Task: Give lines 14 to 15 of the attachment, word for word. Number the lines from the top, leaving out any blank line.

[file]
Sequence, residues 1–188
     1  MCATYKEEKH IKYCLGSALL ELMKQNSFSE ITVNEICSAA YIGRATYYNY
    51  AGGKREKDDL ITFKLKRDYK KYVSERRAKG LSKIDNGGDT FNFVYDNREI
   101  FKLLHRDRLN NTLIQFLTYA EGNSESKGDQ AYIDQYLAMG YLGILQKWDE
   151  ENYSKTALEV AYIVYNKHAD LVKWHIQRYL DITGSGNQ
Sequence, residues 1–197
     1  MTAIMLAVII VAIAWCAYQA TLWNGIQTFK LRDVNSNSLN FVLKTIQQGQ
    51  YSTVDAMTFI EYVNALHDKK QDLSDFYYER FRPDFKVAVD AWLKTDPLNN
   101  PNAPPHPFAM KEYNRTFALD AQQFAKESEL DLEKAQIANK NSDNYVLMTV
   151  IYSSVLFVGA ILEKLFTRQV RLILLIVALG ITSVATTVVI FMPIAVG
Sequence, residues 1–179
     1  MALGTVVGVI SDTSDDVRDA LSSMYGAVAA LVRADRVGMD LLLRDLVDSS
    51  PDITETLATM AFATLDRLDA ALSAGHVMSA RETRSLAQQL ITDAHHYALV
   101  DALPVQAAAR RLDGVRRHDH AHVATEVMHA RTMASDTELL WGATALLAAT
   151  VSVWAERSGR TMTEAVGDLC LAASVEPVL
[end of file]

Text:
   101  DALPVQAAAR RLDGVRRHDH AHVATEVMHA RTMASDTELL WGATALLAAT
   151  VSVWAERSGR TMTEAVGDLC LAASVEPVL